• Conduct inspections in a professional manner.

A comprehensive inspection is performed by the designated Safety Specialist from EHS for each lab at least  annually. All inspections are conducted with the Principal Investigator (PI), Laboratory Safety Coordinator (LSC) or a designee appointed by the PI.  The Safety Specialist will assist the PI and researchers in staying informed of current laboratory safety requirements and identify any deficiency and how it is addressed.  The following areas are covered during the inspection.  Other areas pertaining to safety will also be covered.

    • Laboratory facility and support areas
    • Personal protective equipment (PPE)
    • Personnel required trainings
    • Safety equipment and primary barriers (e.g. chemical hoods and Biological Safety Cabinets)
    • Laboratory safety practices and procedures
    • Hazardous material storage
    • Hazardous waste disposal
    • Disinfection and decontamination
    • Registrations, approvals, SOPs required by BU safety committees

At the end of each inspection, the Safety Specialist will review the outcome of the inspection, review each finding, explain how they can be corrected, and the overall date for completing the corrective actions. The inspections results are entered into BioRaft® and the PI or LSC could enter updates as findings are corrected. The Safety Specialist will immediately inform the PI, LSC or designee of any hazards found that could be immediately dangerous to life and health which could require laboratory work to be suspended until further assessment or correction is made.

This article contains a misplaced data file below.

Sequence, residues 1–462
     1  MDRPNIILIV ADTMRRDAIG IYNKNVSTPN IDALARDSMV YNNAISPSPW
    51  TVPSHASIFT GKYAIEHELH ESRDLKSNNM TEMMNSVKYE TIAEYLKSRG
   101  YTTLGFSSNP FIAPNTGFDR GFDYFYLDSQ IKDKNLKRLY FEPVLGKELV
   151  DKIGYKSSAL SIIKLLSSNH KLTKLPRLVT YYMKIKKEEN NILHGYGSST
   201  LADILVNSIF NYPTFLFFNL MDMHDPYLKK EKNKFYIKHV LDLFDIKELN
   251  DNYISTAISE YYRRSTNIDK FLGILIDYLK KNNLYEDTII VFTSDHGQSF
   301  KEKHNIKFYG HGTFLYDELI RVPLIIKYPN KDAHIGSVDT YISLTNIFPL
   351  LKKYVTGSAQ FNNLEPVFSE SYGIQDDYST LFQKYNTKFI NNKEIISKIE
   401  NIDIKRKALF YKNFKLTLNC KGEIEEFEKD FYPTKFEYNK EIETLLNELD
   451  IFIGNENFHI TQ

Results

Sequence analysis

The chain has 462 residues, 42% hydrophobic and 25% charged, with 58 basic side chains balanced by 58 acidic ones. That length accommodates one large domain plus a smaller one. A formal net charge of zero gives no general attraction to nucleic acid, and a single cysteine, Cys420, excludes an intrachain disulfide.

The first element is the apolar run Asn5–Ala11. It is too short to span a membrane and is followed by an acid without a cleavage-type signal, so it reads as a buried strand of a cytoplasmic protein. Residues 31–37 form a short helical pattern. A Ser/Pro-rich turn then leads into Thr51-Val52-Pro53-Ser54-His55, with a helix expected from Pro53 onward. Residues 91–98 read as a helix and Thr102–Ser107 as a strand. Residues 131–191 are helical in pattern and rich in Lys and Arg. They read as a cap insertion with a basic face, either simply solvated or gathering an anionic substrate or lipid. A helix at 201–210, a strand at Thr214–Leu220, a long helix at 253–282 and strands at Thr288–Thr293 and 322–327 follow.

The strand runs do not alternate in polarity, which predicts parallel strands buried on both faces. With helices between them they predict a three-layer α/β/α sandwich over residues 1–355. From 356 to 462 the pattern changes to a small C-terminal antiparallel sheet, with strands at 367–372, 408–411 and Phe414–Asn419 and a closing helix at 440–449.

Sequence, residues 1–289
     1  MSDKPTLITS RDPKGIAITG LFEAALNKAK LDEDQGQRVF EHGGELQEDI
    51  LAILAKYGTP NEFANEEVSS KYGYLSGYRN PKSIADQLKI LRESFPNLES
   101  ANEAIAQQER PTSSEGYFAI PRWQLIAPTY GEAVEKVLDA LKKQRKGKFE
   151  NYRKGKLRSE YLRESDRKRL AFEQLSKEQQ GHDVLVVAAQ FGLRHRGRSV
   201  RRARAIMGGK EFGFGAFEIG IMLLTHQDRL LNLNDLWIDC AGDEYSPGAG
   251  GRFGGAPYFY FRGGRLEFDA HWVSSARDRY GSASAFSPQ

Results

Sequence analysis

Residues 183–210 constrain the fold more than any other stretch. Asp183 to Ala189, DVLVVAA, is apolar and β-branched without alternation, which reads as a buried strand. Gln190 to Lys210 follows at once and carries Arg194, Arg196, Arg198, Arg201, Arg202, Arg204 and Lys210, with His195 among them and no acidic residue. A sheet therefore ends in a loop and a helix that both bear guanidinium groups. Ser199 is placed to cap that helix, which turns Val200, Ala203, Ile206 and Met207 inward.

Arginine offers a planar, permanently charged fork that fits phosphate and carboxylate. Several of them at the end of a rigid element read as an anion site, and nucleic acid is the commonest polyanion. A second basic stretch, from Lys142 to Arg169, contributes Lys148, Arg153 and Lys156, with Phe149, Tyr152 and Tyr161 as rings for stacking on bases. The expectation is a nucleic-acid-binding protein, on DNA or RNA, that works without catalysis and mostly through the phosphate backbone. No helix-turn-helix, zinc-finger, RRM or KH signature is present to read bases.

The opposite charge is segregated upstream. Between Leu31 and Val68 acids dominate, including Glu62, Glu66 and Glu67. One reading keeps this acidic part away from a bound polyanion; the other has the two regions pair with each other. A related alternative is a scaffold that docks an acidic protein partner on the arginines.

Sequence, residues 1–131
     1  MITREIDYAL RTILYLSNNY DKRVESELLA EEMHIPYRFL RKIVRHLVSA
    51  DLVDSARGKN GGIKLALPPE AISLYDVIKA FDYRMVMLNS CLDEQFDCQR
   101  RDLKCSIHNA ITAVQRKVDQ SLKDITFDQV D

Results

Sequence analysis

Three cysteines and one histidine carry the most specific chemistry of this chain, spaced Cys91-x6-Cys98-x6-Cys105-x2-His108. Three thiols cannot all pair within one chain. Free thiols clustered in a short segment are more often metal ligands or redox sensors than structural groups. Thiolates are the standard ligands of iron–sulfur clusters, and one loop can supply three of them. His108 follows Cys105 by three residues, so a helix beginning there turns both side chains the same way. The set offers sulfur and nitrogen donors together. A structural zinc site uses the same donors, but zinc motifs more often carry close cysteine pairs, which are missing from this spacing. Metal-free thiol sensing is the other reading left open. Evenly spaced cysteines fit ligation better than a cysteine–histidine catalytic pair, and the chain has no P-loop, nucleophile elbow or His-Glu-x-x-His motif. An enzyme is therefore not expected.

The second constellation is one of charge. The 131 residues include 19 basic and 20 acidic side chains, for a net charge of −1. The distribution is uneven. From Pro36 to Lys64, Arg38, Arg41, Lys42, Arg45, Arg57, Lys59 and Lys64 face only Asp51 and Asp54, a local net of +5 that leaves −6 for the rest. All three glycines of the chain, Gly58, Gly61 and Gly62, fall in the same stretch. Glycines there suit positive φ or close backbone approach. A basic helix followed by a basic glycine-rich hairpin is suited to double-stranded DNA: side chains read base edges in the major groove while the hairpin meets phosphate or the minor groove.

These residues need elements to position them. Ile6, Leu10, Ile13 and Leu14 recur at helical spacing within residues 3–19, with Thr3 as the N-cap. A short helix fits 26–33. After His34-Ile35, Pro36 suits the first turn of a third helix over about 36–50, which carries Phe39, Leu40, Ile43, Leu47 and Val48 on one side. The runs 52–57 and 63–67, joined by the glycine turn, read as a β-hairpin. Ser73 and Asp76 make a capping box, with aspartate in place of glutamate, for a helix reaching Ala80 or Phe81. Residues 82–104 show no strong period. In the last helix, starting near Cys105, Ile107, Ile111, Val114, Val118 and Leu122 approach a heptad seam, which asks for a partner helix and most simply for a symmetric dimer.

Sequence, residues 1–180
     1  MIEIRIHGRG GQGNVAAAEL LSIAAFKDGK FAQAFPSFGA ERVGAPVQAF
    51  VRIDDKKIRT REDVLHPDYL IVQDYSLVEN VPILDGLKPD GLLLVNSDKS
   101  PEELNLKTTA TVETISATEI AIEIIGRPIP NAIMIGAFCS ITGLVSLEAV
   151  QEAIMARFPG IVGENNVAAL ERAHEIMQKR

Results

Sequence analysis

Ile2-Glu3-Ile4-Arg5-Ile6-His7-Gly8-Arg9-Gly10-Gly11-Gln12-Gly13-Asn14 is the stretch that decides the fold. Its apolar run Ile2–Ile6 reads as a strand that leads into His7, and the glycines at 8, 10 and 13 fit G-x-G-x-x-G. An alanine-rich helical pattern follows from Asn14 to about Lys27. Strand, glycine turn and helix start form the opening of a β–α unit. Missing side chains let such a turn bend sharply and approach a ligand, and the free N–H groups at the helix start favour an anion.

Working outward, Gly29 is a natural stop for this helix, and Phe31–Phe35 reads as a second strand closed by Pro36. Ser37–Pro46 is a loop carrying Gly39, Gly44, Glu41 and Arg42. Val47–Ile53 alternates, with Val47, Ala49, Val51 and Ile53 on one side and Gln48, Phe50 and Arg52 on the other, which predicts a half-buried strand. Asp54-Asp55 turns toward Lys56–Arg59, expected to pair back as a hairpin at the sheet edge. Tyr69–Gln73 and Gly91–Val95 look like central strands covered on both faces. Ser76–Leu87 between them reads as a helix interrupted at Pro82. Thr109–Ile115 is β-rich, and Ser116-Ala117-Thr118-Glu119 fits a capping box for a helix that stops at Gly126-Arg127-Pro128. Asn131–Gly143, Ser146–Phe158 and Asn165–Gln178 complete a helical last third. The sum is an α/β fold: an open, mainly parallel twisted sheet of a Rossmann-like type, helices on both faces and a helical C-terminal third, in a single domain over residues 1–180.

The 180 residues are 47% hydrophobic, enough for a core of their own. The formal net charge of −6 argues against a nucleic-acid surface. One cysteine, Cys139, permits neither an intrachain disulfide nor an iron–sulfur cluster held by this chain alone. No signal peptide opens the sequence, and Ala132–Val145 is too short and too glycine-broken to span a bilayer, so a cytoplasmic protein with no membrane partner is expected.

3. References

3.1. Regulations

3.1.1. 29 CFR 1910.1450 – Occupational Exposure to Hazardous Chemicals In Laboratories
3.1.2. 29 CFR 1910.1030 – Occupational Exposure to Bloodborne Pathogens
3.1.3. Biosafety in Microbiological and Biomedical Laboratories, 5th Edition
3.1.4. NIH Guideline for Research Involving Recombinant or Synthetic Nucleic Acid Molecules
3.1.5. Boston Fire Prevention Code
3.1.6. NFPA 101 Life Safety Code
3.1.7. NFPA 45 Laboratories Using Chemicals
3.1.8. City of Boston Laboratory Registration Ordinance
3.1.9. Boston Public Health Commission Laboratory Regulation
3.1.8. 105 CMR 480.000 Minimum Requirements for the Management of Medical or Biological Waste (State Sanitary Code Chapter VIII)